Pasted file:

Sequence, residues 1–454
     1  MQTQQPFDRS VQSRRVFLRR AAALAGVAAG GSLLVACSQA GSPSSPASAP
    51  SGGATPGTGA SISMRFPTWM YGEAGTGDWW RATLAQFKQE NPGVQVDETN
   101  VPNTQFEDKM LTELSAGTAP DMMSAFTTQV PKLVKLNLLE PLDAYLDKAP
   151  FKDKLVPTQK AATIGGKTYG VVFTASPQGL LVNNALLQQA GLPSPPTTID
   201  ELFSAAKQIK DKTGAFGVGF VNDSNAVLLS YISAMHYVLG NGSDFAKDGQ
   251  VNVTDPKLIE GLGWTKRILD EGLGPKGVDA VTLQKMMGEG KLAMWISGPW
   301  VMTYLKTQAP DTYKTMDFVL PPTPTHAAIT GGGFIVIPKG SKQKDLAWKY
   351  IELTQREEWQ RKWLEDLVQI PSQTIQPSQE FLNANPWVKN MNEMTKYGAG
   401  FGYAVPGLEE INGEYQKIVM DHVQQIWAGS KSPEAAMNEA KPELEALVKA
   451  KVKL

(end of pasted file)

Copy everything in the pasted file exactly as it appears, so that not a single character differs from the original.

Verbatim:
Sequence, residues 1–454
     1  MQTQQPFDRS VQSRRVFLRR AAALAGVAAG GSLLVACSQA GSPSSPASAP
    51  SGGATPGTGA SISMRFPTWM YGEAGTGDWW RATLAQFKQE NPGVQVDETN
   101  VPNTQFEDKM LTELSAGTAP DMMSAFTTQV PKLVKLNLLE PLDAYLDKAP
   151  FKDKLVPTQK AATIGGKTYG VVFTASPQGL LVNNALLQQA GLPSPPTTID
   201  ELFSAAKQIK DKTGAFGVGF VNDSNAVLLS YISAMHYVLG NGSDFAKDGQ
   251  VNVTDPKLIE GLGWTKRILD EGLGPKGVDA VTLQKMMGEG KLAMWISGPW
   301  VMTYLKTQAP DTYKTMDFVL PPTPTHAAIT GGGFIVIPKG SKQKDLAWKY
   351  IELTQREEWQ RKWLEDLVQI PSQTIQPSQE FLNANPWVKN MNEMTKYGAG
   401  FGYAVPGLEE INGEYQKIVM DHVQQIWAGS KSPEAAMNEA KPELEALVKA
   451  KVKL